Time to Vote Wisely: Electing the Right Political Candidate
by Anne Marielle Eugenio, April 26, 2019 6:06pm
Art by Dani Elevazo
The Philippines is a democratic country—the country’s progress in the citizens’ power to vote the right leaders. So, political candidates do everything within their power to woo the masses until they can get their support.
Given this freedom, how do we determine the right candidates for the post? How can we, the voting mass, make sure our candidates will not turn out as irresponsible and corrupt leaders in the administration? How do we know if a candidate will contribute to the nation’s progress and stability? As people of democracy, do we properly exercise our power to vote?
Popularity and personality matters
In a past psychographic study, Filipinos most likely vote for candidates who are known personalities, endorsed by a traditional network or organization or have ideal Filipino value characteristics: being God-fearing, compassionate, decisive, intelligent, and trustworthy. Meanwhile, in the 2016 poll elections, about 34% percent of Filipinos said there’s nothing wrong with voting for candidates from political dynasties—candidates came from a family of politicians and some of them are tried and tested in leadership. They are popular among the masses, which is one reason a hopeful political win. Background and advocacies may help, but popularity is still a major reason for victory.
People will most likely remember the political hopefuls who have TV and social media ads. Media has the power to influence a voter’s decision—even memes can be used as tools for political campaigns. These “harmless” and funny videos or pictures are useful to boost a candidate’s name.
Recent statistics show young voters are most likely to pick a candidate of character. Voters would like to see how a soon-to-be official can relate with and help the community. One who will they put up livelihood programs, provide assistance in times of calamities, or offer scholarships to underprivileged youth? But there are still people who would still vote for “Trapo” (Traditional Politicians), those who have criminal records. These people are not well-informed about the candidate’s profile, do not give much attention to their performance in a political debate, or are sold on their campaign gimmicks. Don’t get fooled by their catchy jingles, search way beyond their front acts. The people we vote will lead the nation for the next three or six years—it’s time to make a proper research.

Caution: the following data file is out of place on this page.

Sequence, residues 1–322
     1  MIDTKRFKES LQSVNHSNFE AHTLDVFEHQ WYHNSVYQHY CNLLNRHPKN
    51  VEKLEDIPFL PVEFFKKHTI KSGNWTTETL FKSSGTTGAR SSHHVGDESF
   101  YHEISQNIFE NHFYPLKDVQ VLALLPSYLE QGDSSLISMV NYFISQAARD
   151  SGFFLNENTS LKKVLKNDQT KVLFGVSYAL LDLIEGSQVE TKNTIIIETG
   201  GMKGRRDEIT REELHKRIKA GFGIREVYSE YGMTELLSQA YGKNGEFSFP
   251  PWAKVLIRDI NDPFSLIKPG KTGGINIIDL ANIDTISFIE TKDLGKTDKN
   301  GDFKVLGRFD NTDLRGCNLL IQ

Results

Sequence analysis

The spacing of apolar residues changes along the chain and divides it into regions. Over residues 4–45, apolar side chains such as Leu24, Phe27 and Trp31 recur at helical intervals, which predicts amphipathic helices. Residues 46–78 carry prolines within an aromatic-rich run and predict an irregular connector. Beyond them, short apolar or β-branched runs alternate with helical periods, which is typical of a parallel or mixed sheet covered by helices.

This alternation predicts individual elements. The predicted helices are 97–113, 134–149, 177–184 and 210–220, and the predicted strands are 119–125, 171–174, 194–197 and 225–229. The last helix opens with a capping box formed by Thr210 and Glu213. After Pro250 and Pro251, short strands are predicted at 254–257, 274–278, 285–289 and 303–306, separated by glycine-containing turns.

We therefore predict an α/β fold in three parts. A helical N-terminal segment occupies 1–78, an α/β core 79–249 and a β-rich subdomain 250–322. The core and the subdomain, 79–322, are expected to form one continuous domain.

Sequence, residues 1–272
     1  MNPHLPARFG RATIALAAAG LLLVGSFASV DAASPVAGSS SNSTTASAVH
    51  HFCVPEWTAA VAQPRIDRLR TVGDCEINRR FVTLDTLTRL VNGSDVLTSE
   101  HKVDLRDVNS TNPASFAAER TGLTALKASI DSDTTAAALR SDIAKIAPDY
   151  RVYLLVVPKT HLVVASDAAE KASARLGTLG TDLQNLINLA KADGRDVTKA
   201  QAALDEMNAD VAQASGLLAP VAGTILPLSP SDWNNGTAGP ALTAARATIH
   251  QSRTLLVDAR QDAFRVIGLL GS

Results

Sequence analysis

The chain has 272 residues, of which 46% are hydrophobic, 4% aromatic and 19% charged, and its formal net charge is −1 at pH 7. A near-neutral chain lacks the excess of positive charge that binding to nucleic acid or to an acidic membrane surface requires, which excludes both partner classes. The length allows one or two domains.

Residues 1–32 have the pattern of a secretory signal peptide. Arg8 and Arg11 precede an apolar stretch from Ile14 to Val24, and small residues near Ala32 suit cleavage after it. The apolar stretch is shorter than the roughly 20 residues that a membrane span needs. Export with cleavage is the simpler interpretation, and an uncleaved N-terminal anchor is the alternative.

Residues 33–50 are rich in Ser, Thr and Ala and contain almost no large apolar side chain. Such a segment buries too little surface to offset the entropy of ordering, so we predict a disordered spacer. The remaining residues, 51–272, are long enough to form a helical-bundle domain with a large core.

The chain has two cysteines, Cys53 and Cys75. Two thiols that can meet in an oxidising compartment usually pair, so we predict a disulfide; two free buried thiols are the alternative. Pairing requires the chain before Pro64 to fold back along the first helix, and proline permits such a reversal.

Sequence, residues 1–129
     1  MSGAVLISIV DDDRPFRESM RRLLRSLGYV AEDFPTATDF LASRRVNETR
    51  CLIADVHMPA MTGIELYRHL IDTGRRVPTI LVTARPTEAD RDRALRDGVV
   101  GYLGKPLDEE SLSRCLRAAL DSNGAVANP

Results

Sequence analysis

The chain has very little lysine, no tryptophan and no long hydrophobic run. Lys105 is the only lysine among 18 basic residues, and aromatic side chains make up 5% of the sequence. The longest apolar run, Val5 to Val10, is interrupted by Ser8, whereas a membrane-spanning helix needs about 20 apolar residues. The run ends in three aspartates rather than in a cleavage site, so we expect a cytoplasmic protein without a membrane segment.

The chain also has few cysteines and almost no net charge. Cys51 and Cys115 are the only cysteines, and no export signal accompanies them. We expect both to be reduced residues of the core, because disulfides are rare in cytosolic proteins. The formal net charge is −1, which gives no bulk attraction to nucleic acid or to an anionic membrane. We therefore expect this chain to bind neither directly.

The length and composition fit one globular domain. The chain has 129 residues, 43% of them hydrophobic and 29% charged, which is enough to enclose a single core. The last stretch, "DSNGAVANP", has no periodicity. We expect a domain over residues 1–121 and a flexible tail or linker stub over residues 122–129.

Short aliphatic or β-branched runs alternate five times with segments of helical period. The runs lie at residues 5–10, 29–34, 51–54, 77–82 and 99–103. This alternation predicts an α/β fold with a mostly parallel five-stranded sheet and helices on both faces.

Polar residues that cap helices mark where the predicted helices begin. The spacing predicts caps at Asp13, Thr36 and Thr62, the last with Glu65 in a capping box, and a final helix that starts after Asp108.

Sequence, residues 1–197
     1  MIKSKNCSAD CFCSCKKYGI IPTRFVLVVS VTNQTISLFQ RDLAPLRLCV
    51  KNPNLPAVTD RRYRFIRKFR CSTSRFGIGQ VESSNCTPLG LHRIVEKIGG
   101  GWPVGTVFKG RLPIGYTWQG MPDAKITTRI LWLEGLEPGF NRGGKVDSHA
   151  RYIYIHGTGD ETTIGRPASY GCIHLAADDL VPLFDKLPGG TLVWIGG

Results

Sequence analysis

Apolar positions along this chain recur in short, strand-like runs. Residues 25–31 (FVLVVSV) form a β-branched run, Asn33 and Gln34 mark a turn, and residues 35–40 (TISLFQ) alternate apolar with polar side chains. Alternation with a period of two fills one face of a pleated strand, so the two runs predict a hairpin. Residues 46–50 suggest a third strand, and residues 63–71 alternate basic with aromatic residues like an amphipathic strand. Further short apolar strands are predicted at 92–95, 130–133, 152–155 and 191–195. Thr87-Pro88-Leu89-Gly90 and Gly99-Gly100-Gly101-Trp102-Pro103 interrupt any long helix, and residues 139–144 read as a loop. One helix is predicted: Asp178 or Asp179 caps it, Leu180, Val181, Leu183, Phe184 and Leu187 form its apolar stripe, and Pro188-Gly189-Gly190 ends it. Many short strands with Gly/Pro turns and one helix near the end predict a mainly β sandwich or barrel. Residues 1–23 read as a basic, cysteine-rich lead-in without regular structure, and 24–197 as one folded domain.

The right person to vote
Above personality and popularity, voters should consider a candidate’s platform the most. Their political advocacies should deal with contemporary social issues, which involves problems in the justice system, employment rate, access to education, equal rights, domestic violence—the list goes on and on.
How will we know these components? The answer is educating ourselves. Let’s take time to know the candidates, their backgrounds, and platforms. If they have held a government position in the past, take time to research and ask the people they had served. It also helps to read the news, but be wary of those fake and deceiving announcements—use the internet and social media wisely and responsibly. We should be careful about who are we are electing in the position.
We should only give our votes to those who have the heart to serve the people, not money or position. Vote those people who have a clean track record and have great platforms—those who you think would be a game changer in our corrupt government.
The Philippines deserves more
Our country deserves more than inconsistent leaders and temporary solutions. We’ve been colonized by different countries and once ruled by a ruthless dictator. Every time, we fight our way towards freedom and democracy. Those sacrifices are not meant to be wasted. Let’s eye those candidates who aim for our country’s success.
The fate of our country is in our hands. Electing the right leaders is both our right and responsibility. But we cannot rely on our leaders alone if we aim for progress. Our discipline and unity should be a priority, too. Let’s have a habit of respecting our similarities and differences and be one with the government. Only then we can achieve the progress we have been eyeing on.
We have the power. Let’s use it wisely and for the greater good.